We've covered the issue of how nature is finding a way around the engineered intended benefits of GM crops, with pests developing resistance to them, many times. Here's another straw on the camel's back, via Mother Jones:
New research in Environment Science Europe shows that rather than Roundup Ready crops decreasing herbicide use, as intended and proudly touted by Monsanto, since 1996 when these crops were first commercially used herbicide use as gone up 11%—with yearly increases markedly increasing in the past several years, after some initial reductions.
From 1996 to 1999, Roundup Ready crops did result in a 2% decline in herbicide, but since then as resistance has developed, the opposite has been the case. In 2002, for instance, herbicide use for these GM soybeans was up 21%. In 2009-2010, it was up 24%.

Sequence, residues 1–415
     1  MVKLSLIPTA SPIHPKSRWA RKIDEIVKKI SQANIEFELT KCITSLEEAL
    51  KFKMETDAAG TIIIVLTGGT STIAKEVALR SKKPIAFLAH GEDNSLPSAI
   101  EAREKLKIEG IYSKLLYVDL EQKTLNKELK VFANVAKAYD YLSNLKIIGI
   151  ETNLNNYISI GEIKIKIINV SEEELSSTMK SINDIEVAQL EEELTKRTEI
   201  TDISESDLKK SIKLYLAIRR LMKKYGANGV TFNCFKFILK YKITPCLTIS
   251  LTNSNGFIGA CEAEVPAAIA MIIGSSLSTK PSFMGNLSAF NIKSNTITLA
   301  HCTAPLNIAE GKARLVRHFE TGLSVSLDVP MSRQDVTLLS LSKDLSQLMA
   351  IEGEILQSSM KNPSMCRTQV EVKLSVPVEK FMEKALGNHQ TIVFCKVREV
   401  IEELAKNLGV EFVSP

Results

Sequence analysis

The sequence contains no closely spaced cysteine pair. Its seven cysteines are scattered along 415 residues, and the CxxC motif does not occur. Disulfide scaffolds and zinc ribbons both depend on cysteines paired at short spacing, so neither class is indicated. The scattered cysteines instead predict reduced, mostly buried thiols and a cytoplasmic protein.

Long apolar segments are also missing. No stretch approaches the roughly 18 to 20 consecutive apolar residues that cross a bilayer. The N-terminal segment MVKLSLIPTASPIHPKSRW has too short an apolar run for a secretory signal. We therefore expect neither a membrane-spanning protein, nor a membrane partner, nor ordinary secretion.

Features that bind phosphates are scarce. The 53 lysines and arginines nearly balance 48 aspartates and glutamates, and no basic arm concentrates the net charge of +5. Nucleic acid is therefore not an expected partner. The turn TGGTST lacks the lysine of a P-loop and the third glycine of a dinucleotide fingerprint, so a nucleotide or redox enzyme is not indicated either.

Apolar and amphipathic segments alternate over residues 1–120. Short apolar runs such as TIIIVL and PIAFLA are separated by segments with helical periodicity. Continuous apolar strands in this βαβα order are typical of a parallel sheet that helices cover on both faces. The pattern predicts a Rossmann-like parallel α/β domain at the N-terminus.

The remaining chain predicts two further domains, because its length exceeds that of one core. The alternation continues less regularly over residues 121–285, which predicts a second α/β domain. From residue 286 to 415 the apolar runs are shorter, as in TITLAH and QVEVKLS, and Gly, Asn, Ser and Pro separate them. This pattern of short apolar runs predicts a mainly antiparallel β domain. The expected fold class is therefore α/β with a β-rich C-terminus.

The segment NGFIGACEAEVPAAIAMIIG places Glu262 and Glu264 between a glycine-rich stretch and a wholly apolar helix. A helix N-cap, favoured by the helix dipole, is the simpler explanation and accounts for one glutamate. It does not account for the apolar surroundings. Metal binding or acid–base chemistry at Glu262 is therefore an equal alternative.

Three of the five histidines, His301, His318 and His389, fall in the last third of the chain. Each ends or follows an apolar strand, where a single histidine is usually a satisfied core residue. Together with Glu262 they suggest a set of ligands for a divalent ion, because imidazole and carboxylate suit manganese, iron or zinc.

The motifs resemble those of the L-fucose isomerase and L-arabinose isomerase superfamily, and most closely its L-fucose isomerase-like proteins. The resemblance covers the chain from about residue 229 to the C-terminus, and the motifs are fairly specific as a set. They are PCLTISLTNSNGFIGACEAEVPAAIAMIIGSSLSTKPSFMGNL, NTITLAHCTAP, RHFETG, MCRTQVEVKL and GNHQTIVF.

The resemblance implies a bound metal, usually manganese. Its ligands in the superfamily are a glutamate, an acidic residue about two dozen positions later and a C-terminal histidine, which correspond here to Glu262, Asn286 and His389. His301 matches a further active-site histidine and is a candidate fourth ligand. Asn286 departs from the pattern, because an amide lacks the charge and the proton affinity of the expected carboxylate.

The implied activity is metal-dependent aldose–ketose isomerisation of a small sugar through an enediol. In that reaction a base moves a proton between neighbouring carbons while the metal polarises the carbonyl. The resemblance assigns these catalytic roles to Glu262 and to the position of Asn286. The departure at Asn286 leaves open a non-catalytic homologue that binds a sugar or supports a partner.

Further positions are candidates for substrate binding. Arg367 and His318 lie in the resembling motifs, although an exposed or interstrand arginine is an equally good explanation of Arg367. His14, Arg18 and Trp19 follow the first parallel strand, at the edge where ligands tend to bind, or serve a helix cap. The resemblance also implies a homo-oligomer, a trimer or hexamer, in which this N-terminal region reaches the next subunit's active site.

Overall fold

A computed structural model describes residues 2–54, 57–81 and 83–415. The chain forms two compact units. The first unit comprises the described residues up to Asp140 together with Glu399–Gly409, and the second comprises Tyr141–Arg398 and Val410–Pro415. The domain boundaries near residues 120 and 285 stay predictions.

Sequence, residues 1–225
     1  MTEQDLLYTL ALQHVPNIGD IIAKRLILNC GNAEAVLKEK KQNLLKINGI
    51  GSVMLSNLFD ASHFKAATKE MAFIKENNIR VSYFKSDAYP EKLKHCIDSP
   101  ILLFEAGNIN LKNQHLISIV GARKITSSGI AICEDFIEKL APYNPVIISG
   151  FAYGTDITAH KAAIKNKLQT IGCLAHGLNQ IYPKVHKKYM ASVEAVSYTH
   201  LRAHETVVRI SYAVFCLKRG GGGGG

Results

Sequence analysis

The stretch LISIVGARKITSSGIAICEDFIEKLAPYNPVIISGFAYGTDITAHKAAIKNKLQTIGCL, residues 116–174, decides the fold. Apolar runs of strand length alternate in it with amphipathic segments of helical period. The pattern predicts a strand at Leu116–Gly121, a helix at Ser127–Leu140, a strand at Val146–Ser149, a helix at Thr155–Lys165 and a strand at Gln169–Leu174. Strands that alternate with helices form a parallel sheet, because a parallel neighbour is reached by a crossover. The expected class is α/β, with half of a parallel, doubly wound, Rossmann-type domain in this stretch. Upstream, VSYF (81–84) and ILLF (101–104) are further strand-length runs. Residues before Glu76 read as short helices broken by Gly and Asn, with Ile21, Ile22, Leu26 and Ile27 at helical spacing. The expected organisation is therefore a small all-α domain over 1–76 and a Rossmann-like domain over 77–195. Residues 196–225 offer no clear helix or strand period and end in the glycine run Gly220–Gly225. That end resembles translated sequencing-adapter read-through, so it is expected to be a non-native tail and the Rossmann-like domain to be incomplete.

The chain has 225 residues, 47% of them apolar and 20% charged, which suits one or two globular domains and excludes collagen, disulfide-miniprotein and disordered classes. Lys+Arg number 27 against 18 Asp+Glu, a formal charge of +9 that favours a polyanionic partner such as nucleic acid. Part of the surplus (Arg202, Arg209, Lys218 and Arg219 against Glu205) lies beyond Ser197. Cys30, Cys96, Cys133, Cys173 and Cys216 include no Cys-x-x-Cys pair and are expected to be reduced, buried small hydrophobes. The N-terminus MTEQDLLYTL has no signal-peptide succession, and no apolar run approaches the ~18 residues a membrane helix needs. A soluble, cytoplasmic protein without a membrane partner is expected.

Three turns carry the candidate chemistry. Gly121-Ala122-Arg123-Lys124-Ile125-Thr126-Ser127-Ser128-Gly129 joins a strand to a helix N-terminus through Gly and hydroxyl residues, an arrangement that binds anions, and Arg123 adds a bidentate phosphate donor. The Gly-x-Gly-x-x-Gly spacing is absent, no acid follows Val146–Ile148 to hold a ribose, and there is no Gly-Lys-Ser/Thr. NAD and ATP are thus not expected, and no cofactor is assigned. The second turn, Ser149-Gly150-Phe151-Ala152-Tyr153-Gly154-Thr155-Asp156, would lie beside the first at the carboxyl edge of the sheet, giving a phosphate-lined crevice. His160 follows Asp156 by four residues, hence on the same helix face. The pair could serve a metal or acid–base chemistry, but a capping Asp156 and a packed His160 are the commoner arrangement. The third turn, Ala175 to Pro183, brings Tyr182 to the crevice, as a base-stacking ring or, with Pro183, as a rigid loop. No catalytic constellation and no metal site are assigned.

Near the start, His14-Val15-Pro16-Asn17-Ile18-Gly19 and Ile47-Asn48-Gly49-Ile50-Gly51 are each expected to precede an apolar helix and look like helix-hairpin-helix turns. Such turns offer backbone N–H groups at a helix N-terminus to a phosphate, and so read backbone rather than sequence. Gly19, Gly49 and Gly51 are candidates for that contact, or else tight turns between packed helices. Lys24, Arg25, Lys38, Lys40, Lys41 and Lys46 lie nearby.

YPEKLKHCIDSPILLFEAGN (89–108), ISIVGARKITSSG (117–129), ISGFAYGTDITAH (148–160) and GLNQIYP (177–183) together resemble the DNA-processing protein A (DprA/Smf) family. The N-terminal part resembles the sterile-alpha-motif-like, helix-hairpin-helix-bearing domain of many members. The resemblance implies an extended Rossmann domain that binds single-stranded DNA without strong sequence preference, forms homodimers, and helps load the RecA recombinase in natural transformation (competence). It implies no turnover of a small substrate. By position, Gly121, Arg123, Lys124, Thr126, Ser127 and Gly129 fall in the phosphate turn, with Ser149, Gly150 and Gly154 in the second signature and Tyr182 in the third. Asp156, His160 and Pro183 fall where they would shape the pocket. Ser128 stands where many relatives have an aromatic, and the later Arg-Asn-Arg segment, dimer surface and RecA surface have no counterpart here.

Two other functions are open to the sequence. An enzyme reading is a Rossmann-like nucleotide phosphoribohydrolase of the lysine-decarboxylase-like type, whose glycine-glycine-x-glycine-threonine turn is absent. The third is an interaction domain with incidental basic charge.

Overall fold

In terms of insecticides, the research found that seeds designed to be toxic to insects, Bt seeds, have reduced use in insecticides somewhat, but not anywhere near to offset the increases in herbicides.
Taken together, from 1996-2011, pesticide use in US fields has climbed 7%, or an additional 404 million pounds applied.
In the Mother Jones piece Tom Philpott goes into much greater details about the research and what it's leading farmers to do in response (sometimes using older, more toxic herbicides)—so read that, or the original research, if you're so inclined.
For the average green watcher though, the takeaway is: Since their introduction, genetically engineered Roundup Ready crops have not delivered the herbicide reduction benefits as intended, with the trend in herbicide use going up, as resistance develops.